10. Chapter 6 Physics Primer 115 FIGURE 6.4 Transforming one point into another. A quaternion performs the same operation but on two vectors. A quaternion can transform one specific vector into another specific vector. Usually a vector is described as its x, y, and z components, but a vector can also be described with a direction and a length. Here’s the general theory of how you can transform one vector into another when they are described as a direction and a length: FIGURE 6.5 Vectors V1 and V2 differ both in magnitude and orientation. Figure 6.5 shows the two vectors V1 and V2. The first step of changing V1 into V2 is to make sure their length (or magnitude) is the same. For this you simply ignore their orientation and calculate the scale factor S you need to apply to V1 so that its length matches that of V2. V2 S= V1 The scale factor S, is calculated by simply dividing the length of vector V2 with the length of vector V1. Next you need a way of transforming a direction into another, and for this you need to use versors. A versor describes the difference in orientation of two vectors of equal length, as shown in Figure 6.6. ease purchase PDF Split-Merge on to remove this watermark.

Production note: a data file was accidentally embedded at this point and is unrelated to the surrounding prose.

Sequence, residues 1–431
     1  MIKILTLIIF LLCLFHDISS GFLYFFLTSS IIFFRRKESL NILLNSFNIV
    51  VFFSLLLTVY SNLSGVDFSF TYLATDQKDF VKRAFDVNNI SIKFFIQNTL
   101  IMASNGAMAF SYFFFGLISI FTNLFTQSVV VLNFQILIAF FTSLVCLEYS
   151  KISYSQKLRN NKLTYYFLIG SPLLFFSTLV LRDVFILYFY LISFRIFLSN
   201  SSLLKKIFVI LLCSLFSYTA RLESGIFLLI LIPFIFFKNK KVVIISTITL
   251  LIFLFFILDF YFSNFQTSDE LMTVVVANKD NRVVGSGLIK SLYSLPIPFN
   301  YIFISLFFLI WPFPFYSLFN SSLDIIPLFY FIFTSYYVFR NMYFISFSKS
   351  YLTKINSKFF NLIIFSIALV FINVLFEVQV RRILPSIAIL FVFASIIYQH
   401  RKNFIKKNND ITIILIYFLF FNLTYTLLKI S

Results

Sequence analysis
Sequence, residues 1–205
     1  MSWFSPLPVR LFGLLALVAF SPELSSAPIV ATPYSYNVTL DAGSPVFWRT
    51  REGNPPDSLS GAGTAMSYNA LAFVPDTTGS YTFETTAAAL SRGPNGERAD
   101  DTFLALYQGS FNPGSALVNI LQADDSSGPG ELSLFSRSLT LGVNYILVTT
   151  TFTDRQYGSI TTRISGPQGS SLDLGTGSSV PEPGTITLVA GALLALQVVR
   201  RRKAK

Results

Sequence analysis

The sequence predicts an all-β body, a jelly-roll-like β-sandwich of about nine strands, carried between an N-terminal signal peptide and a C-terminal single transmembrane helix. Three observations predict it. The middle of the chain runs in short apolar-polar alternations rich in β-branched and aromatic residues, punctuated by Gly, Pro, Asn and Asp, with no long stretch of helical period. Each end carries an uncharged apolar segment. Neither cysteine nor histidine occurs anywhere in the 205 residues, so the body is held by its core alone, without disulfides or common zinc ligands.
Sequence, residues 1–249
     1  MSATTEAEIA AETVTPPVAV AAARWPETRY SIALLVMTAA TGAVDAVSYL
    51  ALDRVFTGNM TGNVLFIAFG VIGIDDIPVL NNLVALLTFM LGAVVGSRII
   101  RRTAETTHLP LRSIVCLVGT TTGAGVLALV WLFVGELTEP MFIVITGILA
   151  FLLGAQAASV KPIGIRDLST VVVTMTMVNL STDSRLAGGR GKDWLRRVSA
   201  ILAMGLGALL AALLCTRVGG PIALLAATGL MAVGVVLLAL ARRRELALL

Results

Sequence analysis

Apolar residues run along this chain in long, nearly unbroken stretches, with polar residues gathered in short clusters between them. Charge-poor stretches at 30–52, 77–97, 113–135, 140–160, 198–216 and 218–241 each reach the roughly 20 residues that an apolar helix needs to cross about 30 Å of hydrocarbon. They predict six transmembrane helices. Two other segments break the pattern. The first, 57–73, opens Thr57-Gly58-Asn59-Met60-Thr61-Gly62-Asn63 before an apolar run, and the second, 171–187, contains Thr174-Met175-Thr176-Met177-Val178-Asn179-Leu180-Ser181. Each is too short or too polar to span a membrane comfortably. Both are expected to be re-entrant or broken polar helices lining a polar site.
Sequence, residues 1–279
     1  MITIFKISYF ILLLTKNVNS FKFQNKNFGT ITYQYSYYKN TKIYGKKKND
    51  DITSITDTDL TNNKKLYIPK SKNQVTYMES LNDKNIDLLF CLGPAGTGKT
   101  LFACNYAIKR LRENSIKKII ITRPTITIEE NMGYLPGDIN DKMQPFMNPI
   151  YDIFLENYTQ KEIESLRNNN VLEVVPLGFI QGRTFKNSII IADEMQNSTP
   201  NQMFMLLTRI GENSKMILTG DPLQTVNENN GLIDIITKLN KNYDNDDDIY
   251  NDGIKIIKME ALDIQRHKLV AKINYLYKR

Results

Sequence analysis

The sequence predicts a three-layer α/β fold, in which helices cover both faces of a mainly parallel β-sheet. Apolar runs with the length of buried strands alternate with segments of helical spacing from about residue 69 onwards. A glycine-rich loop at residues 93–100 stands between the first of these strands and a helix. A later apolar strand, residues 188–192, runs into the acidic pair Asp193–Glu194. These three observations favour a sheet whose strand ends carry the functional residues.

11. 116 Character Animation with Direct3D FIGURE 6.6 Transforming the direction of a vector to another. All you need to reorient V1 into V2 is the angle between the vectors and the axis around which to rotate. The angle is obtained by calculating the inverse cosine value of the vectors’ dot product: a = a cos(V1•V2) The axis around which the rotation should take place is simply the cross product of the vectors: A = V1 V2 The quaternion that combines the scaling and rotating of V1 into V2 can then be created using one value for scale, one for the angle, and two values for the plane on which V1 and V2 lie. When I talk about orientations and rotations using quaternions throughout this book, only a small subset of all possible quaternions are of particular interest. This subset is all the unit quaternions (i.e., quaternions with a length of 1). All possible unit quaternions form a hyper-sphere, which basically is a four-dimensional sphere (something quite hard to visualize). Here’s a practical problem—one which you will no doubt run into once you switch to quaternions. Have a look at the problem shown in Figure 6.7. Please purchase PDF Split-Merge on to remove this watermark.